The Well Magazine Summer 2012 - Page 5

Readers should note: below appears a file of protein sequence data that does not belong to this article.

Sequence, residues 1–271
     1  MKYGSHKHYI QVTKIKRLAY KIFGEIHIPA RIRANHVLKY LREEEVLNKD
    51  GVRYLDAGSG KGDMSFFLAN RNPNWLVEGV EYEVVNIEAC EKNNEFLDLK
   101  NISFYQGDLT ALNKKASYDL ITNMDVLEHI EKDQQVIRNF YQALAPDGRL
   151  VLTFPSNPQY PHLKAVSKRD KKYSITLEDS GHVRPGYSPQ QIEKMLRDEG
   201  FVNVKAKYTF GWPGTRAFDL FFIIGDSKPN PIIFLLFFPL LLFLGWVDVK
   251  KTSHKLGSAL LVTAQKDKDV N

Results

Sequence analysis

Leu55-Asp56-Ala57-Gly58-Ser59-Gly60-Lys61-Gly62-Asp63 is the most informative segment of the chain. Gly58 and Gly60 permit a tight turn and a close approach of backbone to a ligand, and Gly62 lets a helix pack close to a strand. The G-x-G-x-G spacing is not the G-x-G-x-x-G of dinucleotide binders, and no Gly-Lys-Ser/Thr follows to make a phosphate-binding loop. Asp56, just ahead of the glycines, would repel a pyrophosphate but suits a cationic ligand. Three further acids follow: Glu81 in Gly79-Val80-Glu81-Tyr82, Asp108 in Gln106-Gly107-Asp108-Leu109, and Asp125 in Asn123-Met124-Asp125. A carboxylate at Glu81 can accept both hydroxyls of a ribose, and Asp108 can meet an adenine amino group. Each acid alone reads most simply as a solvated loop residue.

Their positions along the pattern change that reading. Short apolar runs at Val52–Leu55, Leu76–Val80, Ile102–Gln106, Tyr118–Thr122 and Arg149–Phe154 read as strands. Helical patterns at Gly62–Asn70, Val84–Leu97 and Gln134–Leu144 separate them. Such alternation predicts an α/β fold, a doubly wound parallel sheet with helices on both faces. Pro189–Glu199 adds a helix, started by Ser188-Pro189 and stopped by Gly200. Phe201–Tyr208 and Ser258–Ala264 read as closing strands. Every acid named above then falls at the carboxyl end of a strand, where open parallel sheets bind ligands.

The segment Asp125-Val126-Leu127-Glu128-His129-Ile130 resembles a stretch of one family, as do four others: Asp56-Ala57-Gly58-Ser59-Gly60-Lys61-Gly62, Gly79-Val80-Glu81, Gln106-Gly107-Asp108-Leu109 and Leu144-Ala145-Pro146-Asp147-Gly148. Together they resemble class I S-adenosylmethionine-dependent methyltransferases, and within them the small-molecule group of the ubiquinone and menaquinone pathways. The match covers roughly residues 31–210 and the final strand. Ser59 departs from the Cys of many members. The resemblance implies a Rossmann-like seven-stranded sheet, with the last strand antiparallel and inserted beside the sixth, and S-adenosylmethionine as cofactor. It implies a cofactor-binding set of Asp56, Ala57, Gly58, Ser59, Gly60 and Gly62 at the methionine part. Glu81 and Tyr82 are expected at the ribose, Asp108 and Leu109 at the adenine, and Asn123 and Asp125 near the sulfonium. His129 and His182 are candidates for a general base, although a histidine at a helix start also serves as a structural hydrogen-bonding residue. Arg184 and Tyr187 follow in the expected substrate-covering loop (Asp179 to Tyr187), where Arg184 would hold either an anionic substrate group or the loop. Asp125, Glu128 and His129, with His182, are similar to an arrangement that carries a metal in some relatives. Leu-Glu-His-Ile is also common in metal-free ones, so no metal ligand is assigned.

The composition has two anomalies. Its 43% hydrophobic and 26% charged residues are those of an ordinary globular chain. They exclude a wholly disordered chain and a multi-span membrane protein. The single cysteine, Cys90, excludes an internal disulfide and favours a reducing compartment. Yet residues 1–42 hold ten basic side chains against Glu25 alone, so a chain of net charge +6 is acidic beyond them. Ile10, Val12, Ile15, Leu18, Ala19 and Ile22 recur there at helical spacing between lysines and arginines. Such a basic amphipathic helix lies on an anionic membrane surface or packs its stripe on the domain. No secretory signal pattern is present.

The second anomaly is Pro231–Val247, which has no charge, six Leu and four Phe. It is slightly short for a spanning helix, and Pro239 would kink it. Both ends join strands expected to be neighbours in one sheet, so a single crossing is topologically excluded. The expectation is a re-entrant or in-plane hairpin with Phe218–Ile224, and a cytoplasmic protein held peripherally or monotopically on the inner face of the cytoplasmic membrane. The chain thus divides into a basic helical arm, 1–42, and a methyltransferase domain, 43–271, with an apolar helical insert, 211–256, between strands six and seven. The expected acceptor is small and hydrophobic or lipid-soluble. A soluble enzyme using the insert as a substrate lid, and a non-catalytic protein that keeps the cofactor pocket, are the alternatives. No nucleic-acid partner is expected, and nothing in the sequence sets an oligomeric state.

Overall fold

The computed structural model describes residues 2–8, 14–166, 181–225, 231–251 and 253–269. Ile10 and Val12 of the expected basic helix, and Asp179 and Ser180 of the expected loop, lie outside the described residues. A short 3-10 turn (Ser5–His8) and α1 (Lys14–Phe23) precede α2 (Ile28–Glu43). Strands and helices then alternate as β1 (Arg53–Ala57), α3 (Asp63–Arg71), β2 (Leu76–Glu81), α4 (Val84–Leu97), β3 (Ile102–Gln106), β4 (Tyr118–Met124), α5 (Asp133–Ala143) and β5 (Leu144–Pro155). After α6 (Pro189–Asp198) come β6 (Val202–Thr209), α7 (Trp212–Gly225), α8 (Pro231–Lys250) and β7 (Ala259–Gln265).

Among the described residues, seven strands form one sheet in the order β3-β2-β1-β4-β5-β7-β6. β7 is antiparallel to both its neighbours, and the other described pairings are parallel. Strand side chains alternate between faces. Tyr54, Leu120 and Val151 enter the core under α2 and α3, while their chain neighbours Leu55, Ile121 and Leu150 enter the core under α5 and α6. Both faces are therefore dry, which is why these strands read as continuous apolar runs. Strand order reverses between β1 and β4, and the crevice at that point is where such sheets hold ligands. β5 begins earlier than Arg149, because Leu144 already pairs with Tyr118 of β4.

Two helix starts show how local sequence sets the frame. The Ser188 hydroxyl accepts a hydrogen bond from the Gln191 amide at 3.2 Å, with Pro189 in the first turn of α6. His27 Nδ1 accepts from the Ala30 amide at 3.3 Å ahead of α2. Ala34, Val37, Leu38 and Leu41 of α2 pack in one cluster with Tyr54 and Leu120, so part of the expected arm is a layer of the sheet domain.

and no self esteem. I saw hurt in the eyes of people who meant a great deal to me but I didn’t know how to stop. I didn’t pray and I didn’t go to church. I just existed. Towards the end of 1989, I began a downward spiral that I knew I had to reach the bottom of in order to make it back to the top. By the time I made it to treatment in January, I pretty much had lost everything except my mother’s love. During those last days, my oldest child went to live with my mother and my son went to live with his father. I only had my youngest daughter. Then one day she didn’t come home from school. I was terrified. Later, I found out that my oldest child had called the Department of Children and Family Services and told them that I was doing drugs and the authorities picked my baby up from school. My mother was given custody. I knew it was time to do something different but I also felt like whatever path I was on I had to get to the very end of it. The state gave my mother custody. I had to make a change in my life. In late October I went on a waiting list for a local treatment center. The person in my life who I thought was my life had gone to jail. I kept wondering how soon they would call me with a bed. I made it through Thanksgiving, and then Christmas. Finally, I got the call to be in Chicago on January 9. It was all arranged. Dad would pick me up at 5 a.m. I was relieved, excited and scared all at once. I went out the night before with a couple of friends to celebrate before my early morning departure. My stay was going to be six months although I really had not decided if I was going to actually stay that long. I just wanted to stop using cocaine. I figured I could still smoke a joint or drink a beer every now and then. That was the last night that I would use cocaine or alcohol ever again. At my lowest point, I begged, borrowed and stole just to fulfill the yearning and urges that came with using cocaine. I was not neglected as a child. I was not underprivileged. Both of my parents worked hard to provide the family with all the things we needed. We were always clean and never hungry. We were never in the dark and never cold. We went to church every Sunday. You could not live in my mother’s house and not go to church on Sunday morning. If you woke up and you were too sick to go, rest assured that you would spend the entire day in the house. The first eight years of my life was spent in a household where I was the only girl. I learned early on that there were a lot of things that girls can’t do. I loved running, but running was for boys. Girls were to sit and be seen—no loud talking and laughing. I was restricted to the confines of the front porch. Even as a child, I was responsible for my younger siblings while my parents were at work. As a teenager, I spent countless hours washing dishes, ironing clothes and playing with my younger siblings. By the time I graduated from high school, I had five brothers and two sisters and I felt like I was just lost in the crowd. Those feelings of inadequacy were compounded by the fact that I had gotten pregnant at 17 and brought a baby into the household. I don’t quite remember when I was placed on the pedestal. But having a baby definitely had knocked me off of it. I was kicked out of the choir at church. I was banned from teaching Sunday School and I could no longer work in the church’s radio ministry. I went from being an honor student to an embarrassment. My next encounter with the opposite sex came in the form of an older man who proceeded to make a fool of me despite my insisting that it just wasn’t like that. Much later I would discover that I was merely an object of sex, used and then tossed to the side. ow my self esteem was really at an all time low. Several years later I was introduced to marijuana by a man. This relationship would result in my having another child and marrying the father. The relationship didn’t last but my habit of smoking marijuana remained. Smoking weed gave me a nice feeling and the only problem I thought then was that it always left me with a hungry feeling. The next man in my life was handsome and charming and I found myself in love again and pregnant. He was also unemCONTINUED ON PAGE 27 The Power of a Mother’s Love In my mind, people who got hooked on drugs were people from underprivileged homes. They were not people who had mothers and fathers that worked. Now I know that drugs and alcohol are not the problem but only a mere symptom which complicates the true underlying issue. I also understand that I was living in a place called denial about a lot of things. I understand that I was seeking the approval of others and that I needed to go through all I went through in order to become who I am now. 5 N Summer 2012 / The Well Magazine